A man in his mid to late thirties walked in the other day while I was in the front office. He greeted me by name with an air of timid familiarity that seemed to indicate that I might know him.
I didn't recognize him.
"You may not remember me," he uttered as he walked cautiously forward. I looked at his face as he moved with an air of awkwardness that comes with not feeling particularly comfortable about a situation. I didn't know who he was until he told me his name.
Then some memories came rushing back.
Some twenty-five years ago when I was a pre-teen child, my parents would hire a man to rake and gather up the leaves off of our yard. He would show up for his one or two days of work in an old truck full of lawn maintenance equipment which basically consisted of a few old rakes, a hoe, and a shovel. But that wasn't all that would accompany him. He would bring with him his two young boys.
His kids didn't make the journey in order to "spend a day" with dad. No, they came with him to work so the family would have food to eat and clothes to wear. I have a vivid memory of the three of them because the two boys were my age. Specifically, one was in the same grade at school with me and the other one grade above.
I always felt uncomfortable walking out of the house and waving to the boys, rakes in hand, as I was on my way to doing nothing. I suppose I felt guilty for being so lazy that my parents hired someone else to rake the lawn. It also didn't seem right that, because of nothing I had done or earned, I was free to spend a fall afternoon playing while others my age had to work.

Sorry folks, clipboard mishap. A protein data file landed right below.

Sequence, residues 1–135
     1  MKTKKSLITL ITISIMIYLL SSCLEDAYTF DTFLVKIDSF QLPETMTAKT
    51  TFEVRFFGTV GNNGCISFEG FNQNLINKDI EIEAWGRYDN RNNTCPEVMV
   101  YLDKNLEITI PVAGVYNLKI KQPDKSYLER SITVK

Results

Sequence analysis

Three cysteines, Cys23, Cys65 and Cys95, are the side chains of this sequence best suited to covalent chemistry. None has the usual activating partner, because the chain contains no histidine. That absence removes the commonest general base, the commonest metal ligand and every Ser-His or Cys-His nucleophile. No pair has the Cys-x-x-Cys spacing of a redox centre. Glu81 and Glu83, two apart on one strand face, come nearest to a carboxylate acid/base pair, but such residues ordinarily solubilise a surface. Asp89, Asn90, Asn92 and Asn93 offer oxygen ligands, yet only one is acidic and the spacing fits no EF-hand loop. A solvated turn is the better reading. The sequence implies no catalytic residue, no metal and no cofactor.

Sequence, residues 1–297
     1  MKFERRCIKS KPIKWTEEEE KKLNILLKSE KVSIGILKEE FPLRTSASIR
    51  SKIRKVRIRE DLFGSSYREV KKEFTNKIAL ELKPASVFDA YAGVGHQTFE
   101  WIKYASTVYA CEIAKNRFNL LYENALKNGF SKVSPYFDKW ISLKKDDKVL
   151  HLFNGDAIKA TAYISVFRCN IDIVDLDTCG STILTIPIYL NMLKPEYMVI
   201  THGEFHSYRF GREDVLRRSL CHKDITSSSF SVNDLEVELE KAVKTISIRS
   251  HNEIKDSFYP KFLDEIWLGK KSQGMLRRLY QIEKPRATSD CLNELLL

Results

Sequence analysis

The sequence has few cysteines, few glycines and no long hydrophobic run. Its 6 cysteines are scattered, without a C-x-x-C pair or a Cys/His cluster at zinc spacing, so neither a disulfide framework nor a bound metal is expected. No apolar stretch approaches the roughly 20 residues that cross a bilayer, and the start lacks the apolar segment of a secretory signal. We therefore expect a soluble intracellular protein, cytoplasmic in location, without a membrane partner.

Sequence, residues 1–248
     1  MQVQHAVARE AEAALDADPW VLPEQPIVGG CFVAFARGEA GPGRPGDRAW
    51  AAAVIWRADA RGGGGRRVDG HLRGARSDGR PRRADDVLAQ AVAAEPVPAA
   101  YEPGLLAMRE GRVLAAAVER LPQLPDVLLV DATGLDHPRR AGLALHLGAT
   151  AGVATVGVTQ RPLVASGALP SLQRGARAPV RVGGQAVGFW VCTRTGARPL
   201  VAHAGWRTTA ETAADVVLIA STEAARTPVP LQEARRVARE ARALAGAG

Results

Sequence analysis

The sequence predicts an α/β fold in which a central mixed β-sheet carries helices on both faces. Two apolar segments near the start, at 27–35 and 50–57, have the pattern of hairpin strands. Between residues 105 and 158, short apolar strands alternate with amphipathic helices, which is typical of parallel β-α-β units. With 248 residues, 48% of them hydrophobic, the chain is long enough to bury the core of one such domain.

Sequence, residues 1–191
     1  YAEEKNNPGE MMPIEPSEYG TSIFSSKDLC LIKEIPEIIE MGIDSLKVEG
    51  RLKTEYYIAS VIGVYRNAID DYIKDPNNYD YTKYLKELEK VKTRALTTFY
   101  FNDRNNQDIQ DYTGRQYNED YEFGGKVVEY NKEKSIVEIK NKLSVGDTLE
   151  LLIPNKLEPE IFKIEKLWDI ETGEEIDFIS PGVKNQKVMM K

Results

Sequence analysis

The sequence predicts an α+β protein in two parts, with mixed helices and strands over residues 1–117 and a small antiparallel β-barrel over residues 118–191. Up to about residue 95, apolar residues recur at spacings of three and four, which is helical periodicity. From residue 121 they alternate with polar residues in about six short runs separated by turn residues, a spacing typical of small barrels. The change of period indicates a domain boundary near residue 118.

Those memories filled my mind last week when, as I said earlier, a man walked into my office. For you see, that man was one of the boys who had raked my family's lawn those many years ago.
His wife, it seems, had been arrested for a minor drug possession offense and was currently in the Wise County Jail. It may very well be one of those "being at the wrong place at the wrong time" scenarios, but the man wasn't there to make excuses. He simply wanted to know if there was something I could do to help get her out of jail until the criminal case could be resolved. He spoke quietly and respectfully, characteristics that are unusual in the Wise County Courthouse.
A bail bond amount had been set in her case which means that she could have already been released if she could afford it. The amount was not unusually high, but he explained to me that he couldn't afford it. He told me where he worked and what he did. This was confirmed by his clothing which was obviously that of a laborer.
"I don't make much money" he told me, but he would like for wife to be out of jail so she could take care of their young children during the day while he was working. The last two days, he said, had been difficult. He was quite clear that he didn't want any favoritism and that "she'd have to take care of her business" in the future. In the meantime, however, he just graciously asked if there were any options available.
It was difficult for me to concentrate as he spoke with me. My mind kept wandering back to my Bridgeport home and the sight of one man and two boys hauling off mounds of leaves.
I agreed to let the woman out of jail on her own recognizance, meaning that he would not have to pay any money to a bondsman to secure her release. He promised me that he would show up for any court appearances, and I took him at his word. He thanked me and quietly left my office.
Perhaps, as time goes by, I am becoming what can only be referred to as "soft". And if my conversation with the man in in my office that day is somehow proof of this transformation, I'm not sure I am particularly ashamed about it.
No, I'm not ashamed of it at all.
Barry Green is the District Attorney for the 271st Judicial District.